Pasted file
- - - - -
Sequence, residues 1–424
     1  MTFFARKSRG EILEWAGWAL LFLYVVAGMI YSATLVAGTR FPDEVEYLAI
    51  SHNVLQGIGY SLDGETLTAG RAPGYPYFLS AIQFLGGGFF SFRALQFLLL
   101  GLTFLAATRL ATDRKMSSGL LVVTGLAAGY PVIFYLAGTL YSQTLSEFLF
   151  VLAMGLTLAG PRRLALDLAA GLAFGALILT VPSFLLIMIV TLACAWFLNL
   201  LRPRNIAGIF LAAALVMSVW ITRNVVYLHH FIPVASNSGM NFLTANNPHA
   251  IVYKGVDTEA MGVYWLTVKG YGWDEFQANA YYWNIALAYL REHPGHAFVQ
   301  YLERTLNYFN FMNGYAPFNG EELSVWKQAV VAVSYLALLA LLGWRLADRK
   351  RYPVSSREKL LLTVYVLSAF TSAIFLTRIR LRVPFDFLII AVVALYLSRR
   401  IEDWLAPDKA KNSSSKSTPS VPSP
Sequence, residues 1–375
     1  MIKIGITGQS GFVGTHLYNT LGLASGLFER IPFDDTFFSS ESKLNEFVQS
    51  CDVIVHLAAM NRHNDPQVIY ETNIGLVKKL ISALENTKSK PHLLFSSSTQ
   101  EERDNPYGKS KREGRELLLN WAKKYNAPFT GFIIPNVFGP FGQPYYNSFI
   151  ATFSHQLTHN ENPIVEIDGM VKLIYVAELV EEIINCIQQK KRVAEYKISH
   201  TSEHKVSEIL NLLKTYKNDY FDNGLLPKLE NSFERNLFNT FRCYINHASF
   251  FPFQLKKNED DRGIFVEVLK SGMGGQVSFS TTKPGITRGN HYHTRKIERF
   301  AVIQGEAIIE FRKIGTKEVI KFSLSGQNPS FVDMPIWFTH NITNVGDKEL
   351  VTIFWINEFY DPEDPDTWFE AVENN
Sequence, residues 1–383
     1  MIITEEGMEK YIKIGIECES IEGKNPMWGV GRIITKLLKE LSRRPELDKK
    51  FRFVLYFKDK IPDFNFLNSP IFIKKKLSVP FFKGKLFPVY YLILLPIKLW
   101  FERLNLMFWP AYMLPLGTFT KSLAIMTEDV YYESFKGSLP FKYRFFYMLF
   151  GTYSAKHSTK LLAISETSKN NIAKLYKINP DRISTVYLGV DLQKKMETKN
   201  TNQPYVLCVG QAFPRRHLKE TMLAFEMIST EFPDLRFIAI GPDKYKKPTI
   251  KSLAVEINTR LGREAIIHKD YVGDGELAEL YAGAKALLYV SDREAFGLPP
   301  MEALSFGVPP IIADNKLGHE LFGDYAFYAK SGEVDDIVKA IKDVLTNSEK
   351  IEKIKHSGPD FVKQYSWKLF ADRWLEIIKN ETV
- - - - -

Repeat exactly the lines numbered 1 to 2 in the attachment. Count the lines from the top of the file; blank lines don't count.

Sequence, residues 1–424
     1  MTFFARKSRG EILEWAGWAL LFLYVVAGMI YSATLVAGTR FPDEVEYLAI